The Department of Fine Arts and the Medical and Health Humanities Program at Misericordia University are collaborating to present the three-part series, “Intersections: (Dis)Ability & the Arts,’’ in 2019-20 featuring renowned artists and scholars. The programs, which begin Nov. 18, are free and open to the public.
Northeastern Pennsylvania has numerous outlets for artistic creativity and health care facilities that serve the region’s diverse community. However, there are few forums to elicit an exchange of ideas between these domains. In order to close this existing gap and provide awareness of the ways in which the arts and medical fields interact, Misericordia University’s academic departments and the Soyka Fund for the Humanities organized and sponsored the interactive series featuring four key focal points: Disciplines, Communities, Practices and Narratives.
“Intersections: (Dis)Ability & the Arts” is also supported in part by the Pennsylvania Council on the Arts, a state agency funded by the Commonwealth of Pennsylvania, and the National Endowment for the Arts, a federal agency.
The series begins Monday, Nov. 18 at 7 p.m. with the presentation, “Drawing on Disability: Graphic Medicine,’’ by M.K. Czerwiec, R.N., M.A., in Huntzinger and Alden Trust Rooms 218-219 of Sandy and Marlene Insalaco Hall. In her book, “Taking Turns: Stories from HIV/AIDS Care Unit 371,’’ Czerwiec considers the vulnerability of illness and the culture of discrimination and others that surrounded AIDS/HIV patients in the 1990s. Drawing from her text and her other work on graphic medicine and disability, the author will explore the intersection of art, medicine and disability by taking the audience through a visual journey of how health communities and society have viewed disability and ways in which comics allow for individualization, community building, and empathetic approaches to health care.
Czerwiec, also known as the “Comic Nurse,’’ is a co-founder of the field graphic medicine, which explores the interaction of comics and medicine as a mean of engaging with visual-narrative representations of health and illness. She is a Senior Fellow at George Washington School of Nursing Center for Health Policy and Media Engagement and artist-in-residence at Northwestern Feinberg School of Medicine.
The series continues on Friday, Feb. 21 at 12 p.m. with the presentation, “Music and Mental Illness in Shakespeare,’’ by Kendra Preston Leonard, Ph.D., a musicologist and music theorist, in the Catherine Evans McGowan Room of the Mary Kintz Bevevino Library.
During her presentation, Dr. Leonard will discuss how many forms of disability, including mental illness, are encountered through theater, film and television. While there are numerous works dealing with mental illness, the public can also look to the humanities to discover how our current understanding of it has been constructed and mediated. Dr. Leonard will outline how music functions as a signifier of mental health in films and stage performances of Shakespeare’s plays. She will illustrate how research in the humanities can be used to interpret and learn about the cultural, social and other influences that have led to the public’s present discourse around mental illness.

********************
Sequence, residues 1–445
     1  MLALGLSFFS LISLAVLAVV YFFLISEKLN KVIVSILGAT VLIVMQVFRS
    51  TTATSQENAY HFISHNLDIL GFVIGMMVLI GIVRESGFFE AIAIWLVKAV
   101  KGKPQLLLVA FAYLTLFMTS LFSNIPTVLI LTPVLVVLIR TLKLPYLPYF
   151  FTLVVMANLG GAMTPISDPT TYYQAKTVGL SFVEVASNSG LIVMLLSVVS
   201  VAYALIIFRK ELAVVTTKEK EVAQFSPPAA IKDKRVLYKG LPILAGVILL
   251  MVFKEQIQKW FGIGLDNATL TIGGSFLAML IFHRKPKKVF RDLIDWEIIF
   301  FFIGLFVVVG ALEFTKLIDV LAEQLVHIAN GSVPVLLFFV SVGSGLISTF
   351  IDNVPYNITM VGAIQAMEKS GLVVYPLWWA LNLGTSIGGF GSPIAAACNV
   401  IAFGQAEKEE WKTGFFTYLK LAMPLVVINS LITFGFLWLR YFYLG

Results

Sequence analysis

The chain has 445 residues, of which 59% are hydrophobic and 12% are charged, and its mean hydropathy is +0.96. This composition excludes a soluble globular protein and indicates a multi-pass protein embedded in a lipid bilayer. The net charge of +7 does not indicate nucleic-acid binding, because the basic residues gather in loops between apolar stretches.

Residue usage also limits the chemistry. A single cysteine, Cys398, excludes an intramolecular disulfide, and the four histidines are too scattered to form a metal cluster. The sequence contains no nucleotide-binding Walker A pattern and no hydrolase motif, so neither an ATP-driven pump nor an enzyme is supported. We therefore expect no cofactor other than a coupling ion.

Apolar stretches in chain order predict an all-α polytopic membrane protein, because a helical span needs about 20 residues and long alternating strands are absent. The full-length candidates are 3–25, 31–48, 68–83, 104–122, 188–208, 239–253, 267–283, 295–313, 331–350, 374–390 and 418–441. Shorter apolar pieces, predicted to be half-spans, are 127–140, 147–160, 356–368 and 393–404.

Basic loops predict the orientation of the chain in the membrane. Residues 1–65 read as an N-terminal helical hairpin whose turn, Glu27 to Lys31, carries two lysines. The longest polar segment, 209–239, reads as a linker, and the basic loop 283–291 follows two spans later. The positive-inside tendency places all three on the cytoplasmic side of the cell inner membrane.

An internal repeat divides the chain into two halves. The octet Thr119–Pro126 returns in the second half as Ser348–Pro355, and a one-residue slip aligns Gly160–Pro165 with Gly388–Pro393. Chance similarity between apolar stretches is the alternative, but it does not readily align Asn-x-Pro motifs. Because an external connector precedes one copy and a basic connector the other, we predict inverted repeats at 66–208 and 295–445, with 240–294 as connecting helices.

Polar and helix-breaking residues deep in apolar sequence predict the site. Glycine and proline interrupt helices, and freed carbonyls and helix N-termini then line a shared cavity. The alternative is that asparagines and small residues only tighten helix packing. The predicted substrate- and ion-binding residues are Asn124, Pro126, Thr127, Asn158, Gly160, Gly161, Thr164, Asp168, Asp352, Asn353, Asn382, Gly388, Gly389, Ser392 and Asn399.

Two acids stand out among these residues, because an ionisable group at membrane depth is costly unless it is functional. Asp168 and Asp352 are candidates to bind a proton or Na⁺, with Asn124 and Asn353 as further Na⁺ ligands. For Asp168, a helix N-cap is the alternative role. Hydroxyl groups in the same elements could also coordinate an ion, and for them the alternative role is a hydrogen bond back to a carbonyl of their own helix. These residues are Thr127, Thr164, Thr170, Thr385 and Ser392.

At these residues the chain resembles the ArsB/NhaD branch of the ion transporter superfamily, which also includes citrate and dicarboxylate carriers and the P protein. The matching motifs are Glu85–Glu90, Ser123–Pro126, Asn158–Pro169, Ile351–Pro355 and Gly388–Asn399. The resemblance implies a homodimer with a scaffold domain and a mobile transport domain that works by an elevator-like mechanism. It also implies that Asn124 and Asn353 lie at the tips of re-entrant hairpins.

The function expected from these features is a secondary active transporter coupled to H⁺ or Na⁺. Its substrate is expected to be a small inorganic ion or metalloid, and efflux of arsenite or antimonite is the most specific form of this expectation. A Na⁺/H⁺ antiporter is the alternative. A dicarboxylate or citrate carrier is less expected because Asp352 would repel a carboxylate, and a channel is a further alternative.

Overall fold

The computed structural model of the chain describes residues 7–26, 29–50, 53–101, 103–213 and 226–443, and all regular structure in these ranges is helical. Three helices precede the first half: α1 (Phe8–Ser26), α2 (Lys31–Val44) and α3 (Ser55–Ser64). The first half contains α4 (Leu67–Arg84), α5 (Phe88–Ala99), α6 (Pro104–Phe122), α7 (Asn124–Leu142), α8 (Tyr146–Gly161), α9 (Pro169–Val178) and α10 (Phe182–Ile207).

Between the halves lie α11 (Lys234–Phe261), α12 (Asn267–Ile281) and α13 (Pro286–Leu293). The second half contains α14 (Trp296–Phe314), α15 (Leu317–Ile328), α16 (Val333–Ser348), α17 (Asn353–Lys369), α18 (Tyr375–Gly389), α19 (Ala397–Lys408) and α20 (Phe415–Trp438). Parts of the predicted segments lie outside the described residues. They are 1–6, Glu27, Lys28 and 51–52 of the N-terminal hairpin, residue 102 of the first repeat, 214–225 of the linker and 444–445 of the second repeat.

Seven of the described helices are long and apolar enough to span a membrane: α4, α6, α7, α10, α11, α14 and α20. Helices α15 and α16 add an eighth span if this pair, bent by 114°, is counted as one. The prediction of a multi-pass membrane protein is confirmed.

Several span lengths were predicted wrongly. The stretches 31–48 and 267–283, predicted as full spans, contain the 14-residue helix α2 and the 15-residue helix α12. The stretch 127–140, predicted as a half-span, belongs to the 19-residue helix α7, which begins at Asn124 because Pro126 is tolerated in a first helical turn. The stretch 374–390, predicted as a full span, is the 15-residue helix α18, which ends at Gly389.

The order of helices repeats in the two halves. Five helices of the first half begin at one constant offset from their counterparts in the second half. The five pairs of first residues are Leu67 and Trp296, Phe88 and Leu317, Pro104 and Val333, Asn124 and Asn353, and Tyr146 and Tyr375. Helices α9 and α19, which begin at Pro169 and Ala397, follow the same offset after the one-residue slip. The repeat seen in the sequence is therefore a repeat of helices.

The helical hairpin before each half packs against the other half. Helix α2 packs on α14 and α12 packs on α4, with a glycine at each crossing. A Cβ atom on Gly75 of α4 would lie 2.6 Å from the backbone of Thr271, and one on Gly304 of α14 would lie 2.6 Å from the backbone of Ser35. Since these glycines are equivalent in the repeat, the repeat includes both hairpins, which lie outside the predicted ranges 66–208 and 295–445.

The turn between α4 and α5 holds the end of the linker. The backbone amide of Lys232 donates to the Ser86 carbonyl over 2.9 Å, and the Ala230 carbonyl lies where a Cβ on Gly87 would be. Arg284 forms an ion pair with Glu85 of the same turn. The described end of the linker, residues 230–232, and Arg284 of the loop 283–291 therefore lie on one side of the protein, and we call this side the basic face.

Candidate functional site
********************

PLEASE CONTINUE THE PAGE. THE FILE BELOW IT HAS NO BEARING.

She is the author of five scholarly books and numerous book chapters and articles on Shakespeare and music. In addition, Dr. Leonard is the founder and executive director of the Silent Film Sound and Music Archive, the founder and manager of SHEAF: Shakespeare in Early Film Database, and the head of scholarship and research at the Institute for Composer Diversity at SUNY-Fredonia.
Stefan Sunandan Honisch, Ph.D., will offer an interactive presentation on Wednesday, April 20 at 7 p.m. in Huntzinger and Alden Trust Rooms 218-219 of Insalaco Hall that unpacks the complicated musical legacy of the blind pianist, teacher and writer Edward Baxter Perry (1855-1924). He will apply key insights from contemporary intersectional scholarship and critical disability studies in order to more fully understand the complex interplay between history, culture, and the body that shapes Perry’s legacy.
Dr. Honisch is an associate fellow at the University of Victoria’s Centre for Studies in Religion and Society. He spent the 2017 fall semester as a postdoctoral researcher at Uppsala University, within the Engaging Vulnerability unit, a position funded by the Swedish Research Council. He is a member of the Editorial Board of Public Disability History and serves on the Journal of Teaching Disability Studies Review Board. Dr. Honisch has been awarded a two-year Banting postdoctoral fellowship to pursue research on Helen Keller’s musical life.
For more information about the medical and health humanities program at Misericordia University, please call 570-674-6400 or visit www.misericordia.edu/ medicalhumanities.